The load count information memory part 13 may be a nonvolatile memory or a volatile memory. If the load count information memory part 13 is a nonvolatile memory, even when the power supply of the memory system is turned off, the load count information is kept, and when the power supply is turned on next, the load count information can be effectively used. If the load count information memory part 13 is a volatile memory, the load count information can be effectively used from when the power supply of the memory system is turned on to when the power supply is turned off.

Discussion will be made again on the operation flow shown in FIG. 2. The CPU 11 outputs an issuing instruction of the read command to the access controller 12 (Step SR3). The control part 22 receives the read command from the host system 1 through the host interface 21 (Step SR4). Then, the control part 22 decodes the read command and extracts the read address (Step SR5). The control part 22 further outputs the read address to the memory 3 through the memory interface 23 (Step SR6).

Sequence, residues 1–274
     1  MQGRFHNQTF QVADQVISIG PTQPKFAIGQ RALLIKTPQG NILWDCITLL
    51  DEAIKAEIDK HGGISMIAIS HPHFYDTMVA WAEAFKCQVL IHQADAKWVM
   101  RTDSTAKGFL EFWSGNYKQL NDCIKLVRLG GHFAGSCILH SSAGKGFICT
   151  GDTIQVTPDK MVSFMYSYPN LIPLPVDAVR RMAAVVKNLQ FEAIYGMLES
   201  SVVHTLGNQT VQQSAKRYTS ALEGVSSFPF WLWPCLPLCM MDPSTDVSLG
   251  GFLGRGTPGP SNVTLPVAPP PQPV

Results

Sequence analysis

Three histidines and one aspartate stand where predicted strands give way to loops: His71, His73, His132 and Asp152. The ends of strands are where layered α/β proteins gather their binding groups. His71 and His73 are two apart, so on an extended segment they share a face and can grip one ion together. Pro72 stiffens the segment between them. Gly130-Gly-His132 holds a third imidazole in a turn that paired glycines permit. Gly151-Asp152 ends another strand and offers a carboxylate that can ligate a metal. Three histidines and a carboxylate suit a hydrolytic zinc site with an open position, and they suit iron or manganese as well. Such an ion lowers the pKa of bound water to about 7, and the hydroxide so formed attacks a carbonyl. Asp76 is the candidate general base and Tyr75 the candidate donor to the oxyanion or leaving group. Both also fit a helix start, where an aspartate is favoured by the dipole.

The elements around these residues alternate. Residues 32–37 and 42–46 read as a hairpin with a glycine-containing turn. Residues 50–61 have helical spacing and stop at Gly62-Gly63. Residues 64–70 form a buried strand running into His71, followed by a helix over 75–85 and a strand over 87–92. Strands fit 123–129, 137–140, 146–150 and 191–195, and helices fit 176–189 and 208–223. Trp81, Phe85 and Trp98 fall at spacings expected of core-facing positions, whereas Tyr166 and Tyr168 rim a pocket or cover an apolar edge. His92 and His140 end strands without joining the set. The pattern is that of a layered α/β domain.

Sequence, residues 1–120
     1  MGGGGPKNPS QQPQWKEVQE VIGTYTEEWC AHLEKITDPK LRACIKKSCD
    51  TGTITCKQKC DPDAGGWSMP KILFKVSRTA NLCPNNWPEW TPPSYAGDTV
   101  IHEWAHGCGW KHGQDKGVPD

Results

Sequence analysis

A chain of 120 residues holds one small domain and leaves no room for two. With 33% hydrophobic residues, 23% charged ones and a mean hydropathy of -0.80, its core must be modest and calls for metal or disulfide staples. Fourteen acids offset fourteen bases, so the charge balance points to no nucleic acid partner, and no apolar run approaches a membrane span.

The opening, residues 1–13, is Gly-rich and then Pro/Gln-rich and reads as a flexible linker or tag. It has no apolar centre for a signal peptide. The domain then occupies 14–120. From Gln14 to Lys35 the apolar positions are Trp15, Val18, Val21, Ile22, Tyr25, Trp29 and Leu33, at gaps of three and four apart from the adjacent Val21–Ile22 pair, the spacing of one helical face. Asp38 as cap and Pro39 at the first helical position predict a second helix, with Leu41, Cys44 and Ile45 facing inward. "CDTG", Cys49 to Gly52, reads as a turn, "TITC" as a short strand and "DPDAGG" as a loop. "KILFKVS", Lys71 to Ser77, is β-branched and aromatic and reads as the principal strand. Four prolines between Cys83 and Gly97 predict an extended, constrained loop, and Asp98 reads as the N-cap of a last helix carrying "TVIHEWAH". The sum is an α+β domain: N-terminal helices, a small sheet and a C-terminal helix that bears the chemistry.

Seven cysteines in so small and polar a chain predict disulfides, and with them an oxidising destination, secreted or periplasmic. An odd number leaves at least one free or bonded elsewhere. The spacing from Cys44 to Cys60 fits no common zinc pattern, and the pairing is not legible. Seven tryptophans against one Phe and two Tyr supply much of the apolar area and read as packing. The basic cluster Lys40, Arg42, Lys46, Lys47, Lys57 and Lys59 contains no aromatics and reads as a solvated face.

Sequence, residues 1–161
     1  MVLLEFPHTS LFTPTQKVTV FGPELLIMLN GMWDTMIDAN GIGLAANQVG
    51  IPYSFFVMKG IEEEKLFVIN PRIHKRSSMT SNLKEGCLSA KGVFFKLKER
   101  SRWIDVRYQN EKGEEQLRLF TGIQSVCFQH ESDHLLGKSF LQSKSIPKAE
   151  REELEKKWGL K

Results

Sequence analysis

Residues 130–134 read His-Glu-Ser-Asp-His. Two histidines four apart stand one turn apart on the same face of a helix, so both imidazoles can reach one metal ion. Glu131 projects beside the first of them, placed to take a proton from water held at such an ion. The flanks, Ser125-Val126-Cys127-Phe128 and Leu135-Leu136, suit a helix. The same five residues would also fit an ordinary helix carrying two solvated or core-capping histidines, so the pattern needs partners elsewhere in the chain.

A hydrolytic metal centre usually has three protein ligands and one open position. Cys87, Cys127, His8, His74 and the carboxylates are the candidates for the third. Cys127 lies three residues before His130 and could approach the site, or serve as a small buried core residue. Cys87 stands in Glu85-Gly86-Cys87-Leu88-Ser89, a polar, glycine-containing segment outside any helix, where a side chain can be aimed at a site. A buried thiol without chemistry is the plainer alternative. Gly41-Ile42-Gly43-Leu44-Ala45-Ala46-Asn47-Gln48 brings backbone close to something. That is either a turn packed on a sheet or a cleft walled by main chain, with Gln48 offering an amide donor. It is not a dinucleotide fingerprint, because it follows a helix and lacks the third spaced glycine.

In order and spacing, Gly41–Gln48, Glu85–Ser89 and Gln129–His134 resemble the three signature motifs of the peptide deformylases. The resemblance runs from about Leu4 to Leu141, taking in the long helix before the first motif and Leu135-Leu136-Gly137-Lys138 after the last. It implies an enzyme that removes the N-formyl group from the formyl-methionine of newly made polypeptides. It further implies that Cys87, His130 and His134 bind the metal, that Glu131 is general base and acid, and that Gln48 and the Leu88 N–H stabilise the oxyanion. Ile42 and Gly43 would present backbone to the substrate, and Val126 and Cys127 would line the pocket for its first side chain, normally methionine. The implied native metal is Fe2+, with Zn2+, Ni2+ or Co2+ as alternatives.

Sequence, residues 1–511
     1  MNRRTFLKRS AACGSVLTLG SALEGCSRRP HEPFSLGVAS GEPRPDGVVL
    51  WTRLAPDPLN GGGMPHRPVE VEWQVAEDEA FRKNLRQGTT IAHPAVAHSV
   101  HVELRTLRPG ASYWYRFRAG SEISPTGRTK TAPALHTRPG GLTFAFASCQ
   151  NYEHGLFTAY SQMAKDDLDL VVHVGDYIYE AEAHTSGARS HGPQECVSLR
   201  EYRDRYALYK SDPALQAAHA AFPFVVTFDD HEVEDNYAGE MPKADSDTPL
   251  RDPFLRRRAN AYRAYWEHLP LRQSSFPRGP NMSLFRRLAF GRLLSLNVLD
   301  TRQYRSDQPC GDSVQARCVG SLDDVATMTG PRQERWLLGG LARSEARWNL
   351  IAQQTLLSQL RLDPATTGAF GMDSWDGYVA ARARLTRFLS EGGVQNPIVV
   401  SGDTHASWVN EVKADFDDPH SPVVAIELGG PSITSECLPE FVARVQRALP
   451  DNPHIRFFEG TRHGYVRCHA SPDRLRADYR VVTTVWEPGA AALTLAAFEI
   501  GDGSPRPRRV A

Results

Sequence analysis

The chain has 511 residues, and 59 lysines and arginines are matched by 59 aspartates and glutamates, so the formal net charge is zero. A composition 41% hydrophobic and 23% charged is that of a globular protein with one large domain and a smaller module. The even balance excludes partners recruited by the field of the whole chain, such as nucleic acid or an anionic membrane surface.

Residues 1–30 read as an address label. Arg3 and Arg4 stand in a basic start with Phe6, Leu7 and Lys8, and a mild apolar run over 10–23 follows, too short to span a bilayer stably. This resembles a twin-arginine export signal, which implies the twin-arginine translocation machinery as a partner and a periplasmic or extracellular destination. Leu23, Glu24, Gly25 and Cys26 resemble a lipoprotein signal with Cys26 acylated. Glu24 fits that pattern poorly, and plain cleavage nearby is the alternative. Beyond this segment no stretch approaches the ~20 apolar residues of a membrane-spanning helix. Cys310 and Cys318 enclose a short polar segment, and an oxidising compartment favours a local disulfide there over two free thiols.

The control part 22 receives read data from the memory 3 through the memory interface 23 (Step SR7). Then, the control part 22 outputs the read data to the host system 1 through the host interface 21 (Step SR8). The CPU 11 receives the read data from the access controller 12 and processes the read data (Step SR9).